The federal government has signalled its intention to reduce its role in shaping medicare to writing cheques. This would complete a 35-year journey that began in 1977, when Ottawa first capped its financial contributions to the provinces. At its peak, Ottawa's share of publicly financed health-care spending reached 41 per cent. Today, its cash contribution is just over 20 per cent.
The provinces run health care and have traditionally welcomed federal cash transfers with few strings attached. So what's wrong with Ottawa's self-imposed exile – is it not merely recognition that it has no legitimate role in shaping how the system develops?
Not in our view. Writing cheques and walking away from the duty to improve medicare is not only a retrograde step that endangers health care and the economy, it also reveals a vision of an increasingly shrivelled and parochial federation, where governments look inward and the whole becomes a pastiche of increasingly isolated parts.
Here are seven reasons why a strong federal presence in health care is vital to Canada:
Successful nations are built on unifying infrastructure. Think railways and the Trans-Canada Highway, seamless telecommunications networks, the armed forces, regulatory and judicial processes. Health care is a level up in importance because health is a fundamental precondition for full participation in society.
A high-performing nationwide public system contributes enormously to the economy. Businesses don't have to design and fund complex health plans for their employees. Workers don't have to worry that taking a job in another province will compromise their health care. Only leadership from Ottawa can guarantee a common set of programs and standards and ensure that program enhancements are available to all Canadians. The 2004 health-care accord acknowledged that Canada's public coverage of prescription drugs is not up to international standards. Ottawa must insist on improvement and put its money behind it.
The intelligent use of health information is the key to improving access, quality and efficiency. Analysis and comparison are the midwives of improvement. Canada' health-intelligence network is unco-ordinated, sluggish, incomplete and fragmented, a clumsy hybrid of paper and electronic records from which anything useful emerges slowly and at great cost. Both leadership and investment from Ottawa on an unprecedented scale are essential to creating high-quality, standardized information that improves clinical practice, policy and accountability.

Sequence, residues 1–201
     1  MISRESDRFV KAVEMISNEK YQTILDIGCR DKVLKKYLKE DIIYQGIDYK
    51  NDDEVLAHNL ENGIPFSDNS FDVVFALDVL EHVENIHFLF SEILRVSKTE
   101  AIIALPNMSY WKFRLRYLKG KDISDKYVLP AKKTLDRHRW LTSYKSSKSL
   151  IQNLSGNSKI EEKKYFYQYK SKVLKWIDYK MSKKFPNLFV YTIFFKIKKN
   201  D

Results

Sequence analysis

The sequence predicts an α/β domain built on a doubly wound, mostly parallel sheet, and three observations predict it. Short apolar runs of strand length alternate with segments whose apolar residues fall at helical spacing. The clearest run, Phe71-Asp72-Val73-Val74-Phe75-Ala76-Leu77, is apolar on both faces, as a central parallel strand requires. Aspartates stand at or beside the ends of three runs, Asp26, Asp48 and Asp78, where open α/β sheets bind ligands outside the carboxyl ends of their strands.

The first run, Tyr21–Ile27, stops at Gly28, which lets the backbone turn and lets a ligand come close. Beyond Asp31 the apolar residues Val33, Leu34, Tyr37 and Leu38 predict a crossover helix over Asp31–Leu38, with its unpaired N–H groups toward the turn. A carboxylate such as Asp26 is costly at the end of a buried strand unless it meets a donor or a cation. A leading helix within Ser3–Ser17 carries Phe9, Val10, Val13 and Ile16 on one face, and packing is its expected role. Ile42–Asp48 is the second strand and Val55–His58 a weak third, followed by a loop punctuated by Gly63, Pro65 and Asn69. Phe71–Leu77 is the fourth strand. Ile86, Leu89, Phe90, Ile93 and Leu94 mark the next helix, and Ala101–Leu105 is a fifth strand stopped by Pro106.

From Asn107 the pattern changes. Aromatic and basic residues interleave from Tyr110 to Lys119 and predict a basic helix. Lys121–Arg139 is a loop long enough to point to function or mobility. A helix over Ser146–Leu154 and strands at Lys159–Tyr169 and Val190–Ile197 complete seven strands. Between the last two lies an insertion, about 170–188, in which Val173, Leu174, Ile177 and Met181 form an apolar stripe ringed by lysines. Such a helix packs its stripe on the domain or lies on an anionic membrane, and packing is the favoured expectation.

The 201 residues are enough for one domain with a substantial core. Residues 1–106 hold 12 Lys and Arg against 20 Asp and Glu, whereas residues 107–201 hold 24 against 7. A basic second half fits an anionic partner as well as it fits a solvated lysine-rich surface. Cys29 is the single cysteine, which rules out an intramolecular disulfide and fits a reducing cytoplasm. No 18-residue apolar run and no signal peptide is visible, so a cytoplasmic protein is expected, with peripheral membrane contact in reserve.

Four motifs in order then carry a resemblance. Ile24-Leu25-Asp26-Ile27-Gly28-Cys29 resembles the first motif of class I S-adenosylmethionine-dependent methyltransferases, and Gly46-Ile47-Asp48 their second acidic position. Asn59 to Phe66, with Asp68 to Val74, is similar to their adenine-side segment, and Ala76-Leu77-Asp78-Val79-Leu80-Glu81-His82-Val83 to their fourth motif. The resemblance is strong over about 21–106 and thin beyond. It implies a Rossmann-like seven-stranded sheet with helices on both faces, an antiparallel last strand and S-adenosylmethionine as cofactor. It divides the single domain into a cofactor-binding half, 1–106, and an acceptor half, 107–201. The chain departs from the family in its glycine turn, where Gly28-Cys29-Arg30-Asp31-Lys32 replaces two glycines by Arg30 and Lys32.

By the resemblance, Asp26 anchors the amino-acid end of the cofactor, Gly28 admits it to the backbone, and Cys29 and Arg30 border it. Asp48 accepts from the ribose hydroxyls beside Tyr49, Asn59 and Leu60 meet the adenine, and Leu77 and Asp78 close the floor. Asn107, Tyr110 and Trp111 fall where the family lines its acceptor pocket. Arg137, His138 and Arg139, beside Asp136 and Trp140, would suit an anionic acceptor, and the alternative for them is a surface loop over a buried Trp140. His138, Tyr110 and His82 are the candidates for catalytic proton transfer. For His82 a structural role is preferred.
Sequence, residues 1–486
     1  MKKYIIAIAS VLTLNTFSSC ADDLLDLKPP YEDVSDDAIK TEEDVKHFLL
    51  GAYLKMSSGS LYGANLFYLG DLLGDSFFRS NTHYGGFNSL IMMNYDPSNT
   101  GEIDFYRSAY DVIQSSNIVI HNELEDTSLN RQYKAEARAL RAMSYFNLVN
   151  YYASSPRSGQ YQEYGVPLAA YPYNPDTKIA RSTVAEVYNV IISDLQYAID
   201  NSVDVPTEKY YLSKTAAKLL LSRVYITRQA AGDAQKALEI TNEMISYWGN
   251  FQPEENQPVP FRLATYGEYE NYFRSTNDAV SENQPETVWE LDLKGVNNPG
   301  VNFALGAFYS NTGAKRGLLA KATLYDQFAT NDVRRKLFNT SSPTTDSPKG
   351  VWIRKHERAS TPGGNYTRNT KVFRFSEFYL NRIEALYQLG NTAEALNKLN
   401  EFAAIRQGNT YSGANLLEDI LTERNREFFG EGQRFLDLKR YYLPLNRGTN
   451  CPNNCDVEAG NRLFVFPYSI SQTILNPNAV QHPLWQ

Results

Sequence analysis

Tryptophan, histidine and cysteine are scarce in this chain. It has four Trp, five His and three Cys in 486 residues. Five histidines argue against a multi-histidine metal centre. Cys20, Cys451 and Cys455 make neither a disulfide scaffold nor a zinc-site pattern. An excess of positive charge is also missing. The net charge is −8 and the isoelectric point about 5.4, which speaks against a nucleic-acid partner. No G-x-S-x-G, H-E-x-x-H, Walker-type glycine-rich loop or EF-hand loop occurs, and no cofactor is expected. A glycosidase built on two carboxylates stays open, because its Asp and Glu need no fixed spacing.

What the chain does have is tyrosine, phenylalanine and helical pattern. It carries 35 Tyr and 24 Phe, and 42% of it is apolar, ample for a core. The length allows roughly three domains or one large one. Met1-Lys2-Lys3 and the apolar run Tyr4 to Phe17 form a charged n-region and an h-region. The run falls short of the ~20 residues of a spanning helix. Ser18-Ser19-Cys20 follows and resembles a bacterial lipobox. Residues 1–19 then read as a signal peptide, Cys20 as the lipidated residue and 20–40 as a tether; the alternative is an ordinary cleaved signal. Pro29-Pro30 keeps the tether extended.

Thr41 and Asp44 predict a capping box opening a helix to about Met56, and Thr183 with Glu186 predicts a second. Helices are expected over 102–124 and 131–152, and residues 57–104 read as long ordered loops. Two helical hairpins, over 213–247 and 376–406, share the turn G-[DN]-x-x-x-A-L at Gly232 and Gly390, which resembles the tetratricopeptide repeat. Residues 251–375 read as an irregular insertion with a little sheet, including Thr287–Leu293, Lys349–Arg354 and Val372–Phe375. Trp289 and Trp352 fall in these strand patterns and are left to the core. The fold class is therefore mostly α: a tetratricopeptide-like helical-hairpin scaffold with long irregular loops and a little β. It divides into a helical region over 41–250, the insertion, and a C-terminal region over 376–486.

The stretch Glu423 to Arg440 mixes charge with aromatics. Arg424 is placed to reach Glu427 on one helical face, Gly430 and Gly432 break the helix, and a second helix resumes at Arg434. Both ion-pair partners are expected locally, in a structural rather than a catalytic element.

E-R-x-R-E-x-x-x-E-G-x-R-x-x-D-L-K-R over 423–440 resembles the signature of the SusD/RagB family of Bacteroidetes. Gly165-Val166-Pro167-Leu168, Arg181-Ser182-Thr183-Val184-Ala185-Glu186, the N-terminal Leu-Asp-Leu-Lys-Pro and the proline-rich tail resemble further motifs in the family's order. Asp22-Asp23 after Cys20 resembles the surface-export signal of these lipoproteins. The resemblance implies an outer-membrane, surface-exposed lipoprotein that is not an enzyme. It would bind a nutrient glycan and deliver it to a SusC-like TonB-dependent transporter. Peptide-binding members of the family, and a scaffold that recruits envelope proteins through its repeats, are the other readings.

Provinces can't transform their systems on their own regardless of how much money they spend. The politics of health care are simply too fraught, and the vested interests too powerful, to effect large-scale change. Even worse, the jurisdictions routinely engage in unconstructive bidding wars for personnel and are whipsawed by vendors, such as pharmaceutical companies, that exploit their isolation and vulnerabilities. Ottawa should play a major role in creating a more collegial and co-operative federation that overcomes obstacles to reform and bargains more effectively in the public interest.
Ottawa could do a great deal to reduce the redundancy and bureaucracy in the system. A great example to emulate is the common process for reviewing the cost-effectiveness of drugs that both eliminated duplicate efforts and the confusion caused by multiple reports. Similarly, the whole area of professional credentials and regulation could be greatly simplified and standardized, with Ottawa promoting and brokering change. Something is wrong when it's more difficult for some professionals to get licensed in another province than it is for a Polish nurse to get a job in Liverpool.
Canadians deserve to know more about where the system succeeds and where it fails. Because Ottawa is not held as politically accountable for health care as the provinces, it's the ideal mirror to and conscience of the overall system. It shouldn't only invest in and co-design the health-information infrastructure but also mine that asset to report on how well the system performs, and promote a culture of openness and transparency where independent researchers and health-care providers can do the same.
Ottawa must proudly stand up for single-payer, not-for-profit health care and ensure that its financial contributions reinforce this commitment across the country. Several provinces have turned a blind eye to blatant violations of the Canada Health Act, and Ottawa has stood by in indifference. The country needs to know where its government stands on the basic character and values of medicare.
If the federal government abdicates, Canadian health care will be increasingly fragmented and costly, and two-tier medicine will grow not because the public wants it but because Ottawa allows and perhaps encourages it. Giving up on medicare is in a sense giving up on the Canadian values that have knit us together. There is more to leadership than writing cheques.
Roy Romanow, a former premier of Saskatchewan, wrote a royal commission report on health-care reform in 2002. Linda Silas is president of the Canadian Federation of Nurses Unions. Steven Lewis is a veteran health-policy analyst.